Industrial Indem. Exch. v. State Bd. Equalization

Annotate this Case
[S. F. No. 16980. In Bank. July 30, 1945.]

INDUSTRIAL INDEMNITY EXCHANGE (an Interinsurance Exchange), Respondent, v. STATE BOARD OF EQUALIZATION et al., Appellants.

COUNSEL

Robert W. Kenny, Attorney General, and T. A. Westphal, Jr., and Harold B. Haas, Deputies Attorney General, for Appellants.

Burbank & Laumeister and Daniel W. Burbank for Respondent.

OPINION

CARTER, J.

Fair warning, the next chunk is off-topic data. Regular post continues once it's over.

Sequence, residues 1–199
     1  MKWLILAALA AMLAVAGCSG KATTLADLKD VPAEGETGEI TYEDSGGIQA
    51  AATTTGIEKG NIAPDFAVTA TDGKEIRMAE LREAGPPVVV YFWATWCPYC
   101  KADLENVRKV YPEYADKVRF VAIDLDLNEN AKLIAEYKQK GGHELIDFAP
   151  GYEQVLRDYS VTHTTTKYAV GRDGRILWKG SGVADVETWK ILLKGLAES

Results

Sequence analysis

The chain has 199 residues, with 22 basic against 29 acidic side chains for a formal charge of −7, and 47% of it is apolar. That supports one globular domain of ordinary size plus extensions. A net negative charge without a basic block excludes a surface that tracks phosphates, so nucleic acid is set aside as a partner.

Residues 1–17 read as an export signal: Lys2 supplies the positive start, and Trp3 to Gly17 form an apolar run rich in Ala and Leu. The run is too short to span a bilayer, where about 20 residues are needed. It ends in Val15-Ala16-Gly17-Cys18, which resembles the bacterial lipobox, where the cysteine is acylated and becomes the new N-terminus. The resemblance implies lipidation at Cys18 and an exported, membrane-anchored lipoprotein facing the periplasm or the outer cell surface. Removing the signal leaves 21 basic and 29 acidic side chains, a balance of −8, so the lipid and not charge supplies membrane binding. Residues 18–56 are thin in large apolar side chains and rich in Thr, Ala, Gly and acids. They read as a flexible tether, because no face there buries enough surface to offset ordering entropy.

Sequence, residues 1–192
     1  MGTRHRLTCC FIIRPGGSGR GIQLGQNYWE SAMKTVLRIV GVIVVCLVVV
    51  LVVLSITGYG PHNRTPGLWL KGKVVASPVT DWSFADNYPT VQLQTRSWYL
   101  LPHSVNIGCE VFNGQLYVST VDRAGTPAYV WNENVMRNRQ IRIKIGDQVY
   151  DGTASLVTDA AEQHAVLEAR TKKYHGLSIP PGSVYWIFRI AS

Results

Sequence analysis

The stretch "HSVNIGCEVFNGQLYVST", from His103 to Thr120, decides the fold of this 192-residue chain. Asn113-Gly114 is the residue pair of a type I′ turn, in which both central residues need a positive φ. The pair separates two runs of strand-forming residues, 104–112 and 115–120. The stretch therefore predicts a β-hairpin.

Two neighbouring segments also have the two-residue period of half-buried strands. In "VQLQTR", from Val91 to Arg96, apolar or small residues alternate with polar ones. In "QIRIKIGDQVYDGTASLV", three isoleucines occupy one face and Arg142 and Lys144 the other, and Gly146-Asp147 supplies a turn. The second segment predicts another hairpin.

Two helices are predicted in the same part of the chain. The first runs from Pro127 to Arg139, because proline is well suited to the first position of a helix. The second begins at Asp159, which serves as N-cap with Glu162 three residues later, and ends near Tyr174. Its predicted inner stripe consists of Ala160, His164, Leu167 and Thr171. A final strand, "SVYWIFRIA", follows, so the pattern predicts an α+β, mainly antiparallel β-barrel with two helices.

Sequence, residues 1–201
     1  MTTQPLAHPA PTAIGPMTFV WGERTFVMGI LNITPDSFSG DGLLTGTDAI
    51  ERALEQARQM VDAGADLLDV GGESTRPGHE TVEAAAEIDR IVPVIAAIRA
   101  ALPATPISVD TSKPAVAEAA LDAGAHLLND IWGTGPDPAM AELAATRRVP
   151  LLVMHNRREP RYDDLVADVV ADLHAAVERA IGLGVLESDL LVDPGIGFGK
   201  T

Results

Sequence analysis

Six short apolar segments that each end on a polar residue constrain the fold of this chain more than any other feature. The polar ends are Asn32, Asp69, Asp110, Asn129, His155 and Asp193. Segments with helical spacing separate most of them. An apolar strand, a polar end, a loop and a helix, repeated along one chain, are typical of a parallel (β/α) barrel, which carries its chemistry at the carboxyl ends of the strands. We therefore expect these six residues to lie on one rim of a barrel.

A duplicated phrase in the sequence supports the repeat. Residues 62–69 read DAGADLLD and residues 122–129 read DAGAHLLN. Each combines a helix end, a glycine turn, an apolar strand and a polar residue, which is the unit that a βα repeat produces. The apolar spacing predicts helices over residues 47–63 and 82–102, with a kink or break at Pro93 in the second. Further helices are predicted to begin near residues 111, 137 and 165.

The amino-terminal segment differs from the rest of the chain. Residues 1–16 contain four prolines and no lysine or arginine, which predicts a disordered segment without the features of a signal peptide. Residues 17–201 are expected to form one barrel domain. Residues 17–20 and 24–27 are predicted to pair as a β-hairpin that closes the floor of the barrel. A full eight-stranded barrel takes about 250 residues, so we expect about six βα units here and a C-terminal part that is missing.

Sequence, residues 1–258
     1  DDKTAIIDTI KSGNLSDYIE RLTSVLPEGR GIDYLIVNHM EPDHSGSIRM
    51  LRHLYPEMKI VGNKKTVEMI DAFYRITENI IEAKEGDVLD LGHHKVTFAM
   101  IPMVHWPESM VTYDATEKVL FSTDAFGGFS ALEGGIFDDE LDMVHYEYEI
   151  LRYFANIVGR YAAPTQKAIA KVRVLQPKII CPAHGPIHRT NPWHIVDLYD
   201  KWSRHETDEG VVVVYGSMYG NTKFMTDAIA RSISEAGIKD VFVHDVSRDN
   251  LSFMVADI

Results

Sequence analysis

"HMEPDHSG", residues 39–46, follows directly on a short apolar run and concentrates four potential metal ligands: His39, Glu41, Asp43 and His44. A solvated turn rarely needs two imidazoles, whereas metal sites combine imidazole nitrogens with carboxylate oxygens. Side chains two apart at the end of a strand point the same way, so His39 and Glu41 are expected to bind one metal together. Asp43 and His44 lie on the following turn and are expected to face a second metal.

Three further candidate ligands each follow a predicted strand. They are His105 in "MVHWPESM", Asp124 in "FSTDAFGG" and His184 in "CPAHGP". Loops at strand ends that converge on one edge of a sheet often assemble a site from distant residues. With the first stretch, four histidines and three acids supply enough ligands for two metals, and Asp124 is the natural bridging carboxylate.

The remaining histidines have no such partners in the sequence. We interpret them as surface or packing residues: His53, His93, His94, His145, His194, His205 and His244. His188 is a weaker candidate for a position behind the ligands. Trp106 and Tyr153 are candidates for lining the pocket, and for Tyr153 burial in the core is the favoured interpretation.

According to the stipulation of facts in this case palintiff is an organization called an interinsurance exchange dealing in workmen's compensation insurance pursuant to sections 1280-1530 of the Insurance Code. The subscribers to the organization exchange insurance contracts with each other. The subscribers have executed contracts appointing Industrial Underwriters, Inc., a corporation, as their attorney in fact to exchange the contracts of insurance between them. The latter corporation generally speaking is in charge of the business of the exchange. (Mitchell v. Pacific Greyhound Lines, 33 Cal. App. 2d 53 [91 P.2d 176].) In the agreement with the attorney in fact each subscriber agreed to deposit a sum, "computed as required by the terms and conditions of his policy. ..." The agreement also stated that "Except as otherwise herein provided, all 'savings accruing to the subscribers shall be returned annually, unless otherwise determined by the Advisory Committee' ..."; and "As compensation for the services to be performed hereunder, said Attorney after first deducting the cost of any reinsurance, may withhold seventeen and one-half per cent of all compensation premium deposits received and in addition the Attorney [26 Cal. 2d 774] is to receive a sum equal to five per cent of the subscriber's savings; ..."